IMC 2007: Sessions

Session 1124: Perpetrators of Urban Crime and their Appearance in the Records

Wednesday 11 July 2007, 11.15-12.45

Organiser:Erik Spindler, Oriel College, University of Oxford
Moderator/Chair:Clive Burgess, Department of History, Royal Holloway, University of London
Paper 1124-aThe Perpetrators of Violence in Late 13th- and Early 14th-Century Paris and Arras
(Language: English)
Hannah Wheeler, Wadham College, University of Oxford
Index terms: Law, Mentalities, Social History
Paper 1124-bLate 14th-Century Yarmouth Criminals
(Language: English)
Janka Dorothy Rodziewicz, School of History, University of East Anglia
Index terms: Law, Social History
Paper 1124-cCriminals in the Law Enforcement Records of Late 14th- and Early 15th-Century Bruges and London
(Language: English)
Erik Spindler, Oriel College, University of Oxford
Index terms: Daily Life, Law, Mentalities, Social History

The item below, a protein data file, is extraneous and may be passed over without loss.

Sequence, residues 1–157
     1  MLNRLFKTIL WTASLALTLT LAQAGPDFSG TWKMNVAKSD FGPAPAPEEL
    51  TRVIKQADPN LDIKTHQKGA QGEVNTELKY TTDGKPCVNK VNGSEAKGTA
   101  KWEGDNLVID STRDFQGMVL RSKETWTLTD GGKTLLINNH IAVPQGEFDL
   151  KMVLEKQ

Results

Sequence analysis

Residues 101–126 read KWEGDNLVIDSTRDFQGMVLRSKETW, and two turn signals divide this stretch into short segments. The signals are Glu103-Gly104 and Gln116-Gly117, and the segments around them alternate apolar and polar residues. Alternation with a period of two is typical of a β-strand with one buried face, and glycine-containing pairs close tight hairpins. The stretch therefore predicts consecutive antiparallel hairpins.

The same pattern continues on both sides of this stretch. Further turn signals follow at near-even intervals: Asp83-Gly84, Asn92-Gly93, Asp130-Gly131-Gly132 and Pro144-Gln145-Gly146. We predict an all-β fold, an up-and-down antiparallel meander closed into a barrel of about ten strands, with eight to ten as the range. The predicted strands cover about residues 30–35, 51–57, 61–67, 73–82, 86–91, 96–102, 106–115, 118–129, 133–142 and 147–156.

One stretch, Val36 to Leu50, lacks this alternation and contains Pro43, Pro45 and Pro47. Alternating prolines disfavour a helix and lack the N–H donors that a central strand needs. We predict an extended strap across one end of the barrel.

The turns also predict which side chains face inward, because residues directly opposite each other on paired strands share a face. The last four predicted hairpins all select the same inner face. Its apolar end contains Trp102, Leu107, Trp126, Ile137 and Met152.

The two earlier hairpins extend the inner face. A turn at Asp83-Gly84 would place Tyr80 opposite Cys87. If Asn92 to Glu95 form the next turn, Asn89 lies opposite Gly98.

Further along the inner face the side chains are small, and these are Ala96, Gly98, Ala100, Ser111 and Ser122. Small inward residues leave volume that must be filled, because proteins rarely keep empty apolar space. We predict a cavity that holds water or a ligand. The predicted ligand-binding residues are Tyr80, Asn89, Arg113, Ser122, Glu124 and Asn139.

Abstract

Urban populations and authorities were concerned with crime and its perpetrators. Criminals can be categorised by gender, activity or status. Their actions (individual and collective) and the reactions they provoked left traces in the records that, carefully analysed, shed light on the functioning of urban society. Thus, different groups of perpetrators used violence to negotiate identities and relationships (paper a). In court, individual criminals were treated differently according to their perceived character, status and networks (paper b). In recording crime, law enforcement officers effectively and creatively adapted legal forms to deal with language use and problems of transience, group coherence and anonymity (paper c).